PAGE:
So much for rotting teeth and making kids obese — a new study suggests that the regular consumption of soda might make you age faster and increase your chance of disease and early death.
The study, undertaken by researchers at the University of California San Francisco and recently published in the American Journal of Public Health, examined 5,309 U.S. adults aged between 20 and 65. The team looked closely at telomeres, which are the protective DNA caps on the end of chromosomes in cells, and discovered a link between the ingestion of sugary soda and the shortening of telomeres in white blood cells.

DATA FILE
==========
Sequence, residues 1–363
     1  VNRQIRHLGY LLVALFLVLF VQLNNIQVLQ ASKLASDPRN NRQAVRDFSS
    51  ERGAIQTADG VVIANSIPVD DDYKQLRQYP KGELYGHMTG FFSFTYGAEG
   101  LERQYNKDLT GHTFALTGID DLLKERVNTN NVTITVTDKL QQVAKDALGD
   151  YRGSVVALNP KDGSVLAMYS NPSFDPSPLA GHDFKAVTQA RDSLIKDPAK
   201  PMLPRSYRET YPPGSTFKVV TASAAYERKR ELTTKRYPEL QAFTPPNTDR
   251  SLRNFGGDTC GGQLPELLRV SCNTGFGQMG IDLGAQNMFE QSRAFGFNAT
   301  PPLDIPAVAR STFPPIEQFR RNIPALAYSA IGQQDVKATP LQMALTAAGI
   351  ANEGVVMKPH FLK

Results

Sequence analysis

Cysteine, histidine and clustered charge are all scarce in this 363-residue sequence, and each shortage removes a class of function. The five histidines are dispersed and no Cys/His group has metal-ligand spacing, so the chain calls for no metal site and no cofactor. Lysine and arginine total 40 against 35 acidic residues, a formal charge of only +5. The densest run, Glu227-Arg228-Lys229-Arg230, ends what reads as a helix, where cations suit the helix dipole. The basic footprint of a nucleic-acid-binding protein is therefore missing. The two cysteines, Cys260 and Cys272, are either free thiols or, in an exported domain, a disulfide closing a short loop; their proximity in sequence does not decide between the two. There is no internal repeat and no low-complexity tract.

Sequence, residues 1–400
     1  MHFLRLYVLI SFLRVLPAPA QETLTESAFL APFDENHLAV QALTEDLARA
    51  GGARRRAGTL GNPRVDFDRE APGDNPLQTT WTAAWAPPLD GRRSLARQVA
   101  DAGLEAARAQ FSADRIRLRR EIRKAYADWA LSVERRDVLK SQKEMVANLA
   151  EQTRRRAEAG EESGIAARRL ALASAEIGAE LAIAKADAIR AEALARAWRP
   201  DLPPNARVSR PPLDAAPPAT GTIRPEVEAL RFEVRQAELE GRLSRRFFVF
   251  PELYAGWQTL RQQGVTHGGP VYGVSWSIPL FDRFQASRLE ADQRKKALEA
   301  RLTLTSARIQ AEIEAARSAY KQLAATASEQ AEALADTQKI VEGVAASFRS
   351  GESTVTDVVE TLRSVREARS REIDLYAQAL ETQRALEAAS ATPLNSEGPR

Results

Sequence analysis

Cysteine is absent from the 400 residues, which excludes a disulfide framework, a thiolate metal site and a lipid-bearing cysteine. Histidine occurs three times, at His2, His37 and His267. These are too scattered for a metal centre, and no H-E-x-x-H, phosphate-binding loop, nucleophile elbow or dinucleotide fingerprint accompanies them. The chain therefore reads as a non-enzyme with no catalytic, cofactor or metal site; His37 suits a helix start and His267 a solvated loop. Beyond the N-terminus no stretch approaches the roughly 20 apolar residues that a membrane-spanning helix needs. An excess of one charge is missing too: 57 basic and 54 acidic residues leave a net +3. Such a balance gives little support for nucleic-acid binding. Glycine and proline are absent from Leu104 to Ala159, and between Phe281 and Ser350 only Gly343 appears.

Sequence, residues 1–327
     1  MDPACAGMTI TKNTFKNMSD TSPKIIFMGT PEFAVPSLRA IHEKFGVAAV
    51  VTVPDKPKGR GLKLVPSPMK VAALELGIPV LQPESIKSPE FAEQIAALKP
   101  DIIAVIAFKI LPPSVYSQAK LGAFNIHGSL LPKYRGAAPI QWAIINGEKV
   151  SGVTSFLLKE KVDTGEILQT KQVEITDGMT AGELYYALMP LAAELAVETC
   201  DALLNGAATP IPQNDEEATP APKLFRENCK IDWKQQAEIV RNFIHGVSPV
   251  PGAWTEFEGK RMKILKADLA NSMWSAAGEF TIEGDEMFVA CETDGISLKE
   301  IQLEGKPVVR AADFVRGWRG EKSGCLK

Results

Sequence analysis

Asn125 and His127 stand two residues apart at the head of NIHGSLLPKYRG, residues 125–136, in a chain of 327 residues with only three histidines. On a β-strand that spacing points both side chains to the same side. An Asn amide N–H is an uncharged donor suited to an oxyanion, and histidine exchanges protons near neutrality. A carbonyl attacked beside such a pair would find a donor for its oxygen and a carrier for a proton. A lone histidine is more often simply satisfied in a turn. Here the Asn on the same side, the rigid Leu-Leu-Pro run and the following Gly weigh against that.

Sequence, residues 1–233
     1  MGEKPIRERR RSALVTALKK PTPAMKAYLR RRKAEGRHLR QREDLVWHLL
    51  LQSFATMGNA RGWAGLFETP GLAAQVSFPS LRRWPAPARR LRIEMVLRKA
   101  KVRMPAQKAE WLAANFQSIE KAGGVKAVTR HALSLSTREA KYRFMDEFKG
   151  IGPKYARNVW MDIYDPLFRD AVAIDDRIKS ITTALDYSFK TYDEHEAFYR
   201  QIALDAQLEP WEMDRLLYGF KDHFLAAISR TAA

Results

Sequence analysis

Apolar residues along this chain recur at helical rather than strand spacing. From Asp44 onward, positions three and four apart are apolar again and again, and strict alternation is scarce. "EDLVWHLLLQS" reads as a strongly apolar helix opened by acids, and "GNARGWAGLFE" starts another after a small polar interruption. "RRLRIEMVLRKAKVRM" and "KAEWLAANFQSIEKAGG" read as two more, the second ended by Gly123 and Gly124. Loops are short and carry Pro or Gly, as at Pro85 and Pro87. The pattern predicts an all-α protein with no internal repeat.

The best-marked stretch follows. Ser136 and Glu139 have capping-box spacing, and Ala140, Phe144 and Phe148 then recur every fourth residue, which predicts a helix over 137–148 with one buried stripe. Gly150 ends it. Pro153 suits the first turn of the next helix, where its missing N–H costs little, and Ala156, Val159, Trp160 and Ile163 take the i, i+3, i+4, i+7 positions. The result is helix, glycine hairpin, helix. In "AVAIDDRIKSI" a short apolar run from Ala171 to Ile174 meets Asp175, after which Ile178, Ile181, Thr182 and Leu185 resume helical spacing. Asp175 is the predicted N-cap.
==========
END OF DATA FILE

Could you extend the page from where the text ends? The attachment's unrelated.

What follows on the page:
Short telomeres limits cell regeneration and have been linked to a range of chronic infirmities such as heart disease, diabetes, and various types of cancer.
“We think we can get away with drinking lots of soda as long as we are not gaining weight,” Dr. Elissa Epel, professor of psychiatry and lead author of the study, remarked to a local CBS affiliate. “But this suggests that there is an invisible pathway that leads to accelerated aging, regardless of weight.”
The standard size of a soft drink has increased from 6.5 ounces to 20 ounces since the 1950s, according to Harvard School of Public Health. About 5 percent of Americans get at least 567 of their daily calories from soda. The sweet fizzy stuff also provides the lion’s share of a teenager’s daily calories (226 calories).
Read full, original article: Soft Drinks Might Be Rotting Your DNA